It’s Summer Learning Day, a recognition of the importance of education, even in the months when kids are away from school. Groups across Washington state are dedicated to preventing the “summer slide” that can leave kids behind when the next academic year starts. Heather Powell, C-E-O of the Boys and Girls Clubs of Whatcom County, is a former teacher and says she saw this effect on students. She says the slump can be especially severe for working families who don’t have the resources for a summer program – and too often, this means children from low-income households and kids of color.
“As a leading youth-serving agency whose tagline is, ‘When school’s out, clubs are in,’ we have a responsibility to be making sure that over the summer, we’re doing activities with kids that set them up to be successful when they return to school.”
Powell notes that kids can be two full grades behind in math by the time they enter fifth grade without summer learning. But cost can be a big barrier for families. According to the Center for American Progress, Washington families will spend 14 percent of their income on summer-learning programs. Fortunately, this is below the national average of 20 percent.
Summer learning programs don’t necessarily look like school. David Strich, 21st Century Community Learning Center coordinator for the Burlington-Edison School District, says programs often involve field trips to the San Juan islands, sports, and even rocketry. He says it’s important to give kids social and emotional learning skills – to build relationships and understand themselves.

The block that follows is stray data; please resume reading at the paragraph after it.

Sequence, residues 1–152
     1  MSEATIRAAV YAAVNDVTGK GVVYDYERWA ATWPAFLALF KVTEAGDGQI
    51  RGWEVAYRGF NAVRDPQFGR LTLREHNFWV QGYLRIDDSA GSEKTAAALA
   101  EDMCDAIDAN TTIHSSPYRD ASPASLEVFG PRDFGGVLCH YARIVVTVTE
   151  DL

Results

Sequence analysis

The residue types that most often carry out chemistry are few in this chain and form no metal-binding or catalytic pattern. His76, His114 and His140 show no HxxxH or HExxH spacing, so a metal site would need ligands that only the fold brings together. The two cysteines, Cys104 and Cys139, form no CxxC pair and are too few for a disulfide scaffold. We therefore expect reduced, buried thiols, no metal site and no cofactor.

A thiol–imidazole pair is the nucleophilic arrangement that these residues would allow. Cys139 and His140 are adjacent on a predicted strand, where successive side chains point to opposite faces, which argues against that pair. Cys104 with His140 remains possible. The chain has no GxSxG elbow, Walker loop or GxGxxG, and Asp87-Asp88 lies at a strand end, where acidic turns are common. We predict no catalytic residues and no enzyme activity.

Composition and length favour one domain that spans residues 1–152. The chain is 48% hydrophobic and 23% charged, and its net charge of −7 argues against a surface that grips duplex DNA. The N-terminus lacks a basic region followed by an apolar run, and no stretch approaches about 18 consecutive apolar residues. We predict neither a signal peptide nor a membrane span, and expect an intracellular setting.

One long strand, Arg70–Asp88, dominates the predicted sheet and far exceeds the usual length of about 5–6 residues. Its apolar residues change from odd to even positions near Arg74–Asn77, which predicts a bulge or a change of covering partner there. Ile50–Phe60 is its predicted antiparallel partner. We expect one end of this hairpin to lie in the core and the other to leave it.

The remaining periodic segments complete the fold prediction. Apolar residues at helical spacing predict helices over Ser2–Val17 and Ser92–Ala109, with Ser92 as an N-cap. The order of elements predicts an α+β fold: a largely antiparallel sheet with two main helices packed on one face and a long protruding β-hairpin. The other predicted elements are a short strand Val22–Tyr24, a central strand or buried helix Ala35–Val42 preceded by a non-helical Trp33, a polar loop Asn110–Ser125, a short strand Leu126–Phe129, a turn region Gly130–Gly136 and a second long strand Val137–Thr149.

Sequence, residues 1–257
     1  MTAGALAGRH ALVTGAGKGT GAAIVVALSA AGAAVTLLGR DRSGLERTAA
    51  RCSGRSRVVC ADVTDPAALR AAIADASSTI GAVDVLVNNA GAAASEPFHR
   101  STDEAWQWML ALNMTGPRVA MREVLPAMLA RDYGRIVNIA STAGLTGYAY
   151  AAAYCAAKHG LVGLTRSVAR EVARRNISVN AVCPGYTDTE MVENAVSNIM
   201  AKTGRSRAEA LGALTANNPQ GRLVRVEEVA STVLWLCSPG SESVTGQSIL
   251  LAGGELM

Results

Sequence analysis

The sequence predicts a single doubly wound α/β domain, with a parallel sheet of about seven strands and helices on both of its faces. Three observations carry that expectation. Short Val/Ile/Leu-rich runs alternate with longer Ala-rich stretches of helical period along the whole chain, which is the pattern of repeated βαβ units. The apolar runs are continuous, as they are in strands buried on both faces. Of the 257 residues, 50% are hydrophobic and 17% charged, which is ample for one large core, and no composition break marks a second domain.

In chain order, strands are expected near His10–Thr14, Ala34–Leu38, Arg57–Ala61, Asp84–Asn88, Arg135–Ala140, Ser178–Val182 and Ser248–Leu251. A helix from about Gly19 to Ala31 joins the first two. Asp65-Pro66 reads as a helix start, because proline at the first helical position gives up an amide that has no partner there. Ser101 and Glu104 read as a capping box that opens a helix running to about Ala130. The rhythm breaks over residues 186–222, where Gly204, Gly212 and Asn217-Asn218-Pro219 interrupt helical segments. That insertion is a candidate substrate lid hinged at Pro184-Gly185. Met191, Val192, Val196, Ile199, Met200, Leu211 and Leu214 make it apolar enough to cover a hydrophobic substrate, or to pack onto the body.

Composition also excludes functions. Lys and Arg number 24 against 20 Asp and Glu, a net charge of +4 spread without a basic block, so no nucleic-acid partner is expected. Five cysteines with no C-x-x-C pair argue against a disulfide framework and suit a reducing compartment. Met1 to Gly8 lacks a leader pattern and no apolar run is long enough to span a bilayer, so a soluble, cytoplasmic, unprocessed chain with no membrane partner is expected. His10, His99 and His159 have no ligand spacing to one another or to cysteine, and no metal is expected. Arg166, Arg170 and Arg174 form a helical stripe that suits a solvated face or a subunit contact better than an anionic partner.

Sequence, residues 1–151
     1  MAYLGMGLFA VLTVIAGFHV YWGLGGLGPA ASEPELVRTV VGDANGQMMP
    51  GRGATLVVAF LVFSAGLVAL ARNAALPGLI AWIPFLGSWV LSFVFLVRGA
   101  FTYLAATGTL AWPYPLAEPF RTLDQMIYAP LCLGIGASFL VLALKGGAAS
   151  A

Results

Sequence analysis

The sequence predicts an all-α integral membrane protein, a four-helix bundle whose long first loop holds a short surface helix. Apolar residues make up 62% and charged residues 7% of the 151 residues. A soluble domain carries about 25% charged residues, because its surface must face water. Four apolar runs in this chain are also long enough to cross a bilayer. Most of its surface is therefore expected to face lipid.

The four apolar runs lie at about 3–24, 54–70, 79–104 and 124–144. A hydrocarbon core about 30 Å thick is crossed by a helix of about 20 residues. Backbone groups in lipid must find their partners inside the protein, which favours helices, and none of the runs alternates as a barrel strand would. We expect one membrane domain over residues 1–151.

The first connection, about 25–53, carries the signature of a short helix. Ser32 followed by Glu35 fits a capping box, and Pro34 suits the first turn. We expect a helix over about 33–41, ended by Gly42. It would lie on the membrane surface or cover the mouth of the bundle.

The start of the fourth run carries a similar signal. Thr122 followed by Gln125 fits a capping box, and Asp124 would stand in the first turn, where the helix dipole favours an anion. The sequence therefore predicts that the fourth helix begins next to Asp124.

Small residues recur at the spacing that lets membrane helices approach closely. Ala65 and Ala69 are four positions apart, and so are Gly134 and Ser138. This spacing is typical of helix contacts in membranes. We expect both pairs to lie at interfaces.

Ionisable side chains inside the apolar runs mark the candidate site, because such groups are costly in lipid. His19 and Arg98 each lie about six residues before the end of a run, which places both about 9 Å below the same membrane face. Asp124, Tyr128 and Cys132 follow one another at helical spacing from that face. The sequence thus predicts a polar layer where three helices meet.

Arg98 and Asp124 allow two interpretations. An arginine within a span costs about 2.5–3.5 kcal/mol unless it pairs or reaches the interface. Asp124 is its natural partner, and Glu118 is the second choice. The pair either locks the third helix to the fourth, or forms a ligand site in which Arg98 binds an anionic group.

“The summer and other expanded learning opportunities, like our after-school programs, really provide the chance to fill out a holistic education for students that they may not get during the school year, or that teachers may want to provide but they’re kind of hamstrung to be able to help with.”
Powell believes investing in summer learning programs could save the country money, because it means students come back to school prepared.
“I think this is an easily solvable issue. More kids being engaged with summer programs – and they don’t even have to be all-day programs, right? If they’re just an hour or two a day – and they can be fun.”